By Zack Steele
Cigarette smoke is extremely toxic, containing as many as 4,000 active compounds, including tar, polycyclic aromatic hydrocarbons, formaldehyde, carbon monoxide, and heavy metals.
Its effects on the lungs and heart have been well established by medical researchers and are well known. Not as well known are the detrimental effects that smoking can have on your vision. Smoking has been directly linked to two of the leading causes of vision loss — cataracts and macular degeneration. In fact, researchers believe smoking also causes or contributes to a number of other eye health problems.
Research has found that smokers have double the risk of developing cataracts compared with non-smokers. This risk is triple for heavy smokers. In fact, doctors have discovered a specific relationship between cataracts and the amount that you smoke — the more you smoke, the more chance you have of developing cataracts.
Cataracts occur when the eye’s naturally clear lens grows cloudy over time. This age-related condition causes blurry vision, faded colors and increased sensitivity to glare. For some people, having cataracts is like trying to see through a waterfall.
Most eye care professionals believe smoking contributes to cataracts by altering the cells of the lens through oxidation. There is also evidence that smoking leads to the accumulation of heavy metals, like cadmium in the lens.
Smoking also increases a person’s risk of developing macular degeneration. Studies have found that smokers face a risk of developing macular degeneration that is two to four times greater than that of people who have never smoked. As with cataracts, the risk increases the more a person has smoked. Researchers have also found an increased risk of macular degeneration in people who don’t smoke but are frequently exposed to environmental cigarette smoke.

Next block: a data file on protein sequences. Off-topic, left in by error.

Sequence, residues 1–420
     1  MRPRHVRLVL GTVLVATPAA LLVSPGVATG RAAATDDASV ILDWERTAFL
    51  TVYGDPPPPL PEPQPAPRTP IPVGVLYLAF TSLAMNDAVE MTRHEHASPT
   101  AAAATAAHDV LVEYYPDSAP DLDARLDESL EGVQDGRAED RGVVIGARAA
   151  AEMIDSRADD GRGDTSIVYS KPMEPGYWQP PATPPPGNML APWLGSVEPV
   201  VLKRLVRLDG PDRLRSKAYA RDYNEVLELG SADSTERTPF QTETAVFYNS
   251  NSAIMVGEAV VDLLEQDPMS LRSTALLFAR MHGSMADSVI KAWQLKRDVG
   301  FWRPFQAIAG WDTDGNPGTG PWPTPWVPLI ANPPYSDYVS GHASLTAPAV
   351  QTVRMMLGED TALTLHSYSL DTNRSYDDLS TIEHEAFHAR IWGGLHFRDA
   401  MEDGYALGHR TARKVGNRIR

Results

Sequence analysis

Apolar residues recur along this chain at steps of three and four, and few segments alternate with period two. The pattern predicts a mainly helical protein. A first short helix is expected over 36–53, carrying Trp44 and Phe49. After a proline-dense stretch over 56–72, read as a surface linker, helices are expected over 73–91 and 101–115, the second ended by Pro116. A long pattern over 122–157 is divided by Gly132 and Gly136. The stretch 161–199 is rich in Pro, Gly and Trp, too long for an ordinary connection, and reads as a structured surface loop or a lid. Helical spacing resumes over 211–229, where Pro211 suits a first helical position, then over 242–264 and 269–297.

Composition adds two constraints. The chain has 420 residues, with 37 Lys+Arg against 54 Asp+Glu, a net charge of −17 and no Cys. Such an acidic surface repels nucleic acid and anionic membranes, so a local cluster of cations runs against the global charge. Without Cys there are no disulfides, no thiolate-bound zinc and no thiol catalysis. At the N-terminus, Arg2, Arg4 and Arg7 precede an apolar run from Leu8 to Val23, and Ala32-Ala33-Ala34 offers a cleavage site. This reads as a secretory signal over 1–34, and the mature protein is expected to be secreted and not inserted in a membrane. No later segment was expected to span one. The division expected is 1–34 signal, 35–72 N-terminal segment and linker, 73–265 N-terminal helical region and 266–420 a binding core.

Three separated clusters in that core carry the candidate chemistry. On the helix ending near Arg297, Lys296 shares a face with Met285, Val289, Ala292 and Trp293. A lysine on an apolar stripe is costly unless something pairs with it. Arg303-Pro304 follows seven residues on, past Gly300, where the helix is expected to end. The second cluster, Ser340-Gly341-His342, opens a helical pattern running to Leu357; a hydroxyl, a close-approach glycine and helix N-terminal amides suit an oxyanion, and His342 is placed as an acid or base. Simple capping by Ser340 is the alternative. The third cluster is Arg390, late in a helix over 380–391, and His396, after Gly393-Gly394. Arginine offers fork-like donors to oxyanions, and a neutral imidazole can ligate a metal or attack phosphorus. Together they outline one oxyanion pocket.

Macular degeneration involves the deterioration of the macula, the central part of the retina that allows us to perceive fine details. As the macula wears out, people experience blurriness, distortions or blind spots in their central vision.
Most experts believe that smoking promotes macular degeneration by interfering with blood flow to the retina. Smoking might also increase the deleterious effects of oxidation on the cells of the macula.
Studies also have linked cigarette smoking to eye problems such as diabetic retinopathy and dry eye.
Dr. Zack Steele is a 2003 graduate of the UAB School of Optometry. His practice, Trussville Vision Care, is located on Chalkville Mountain Road in downtown Trussville.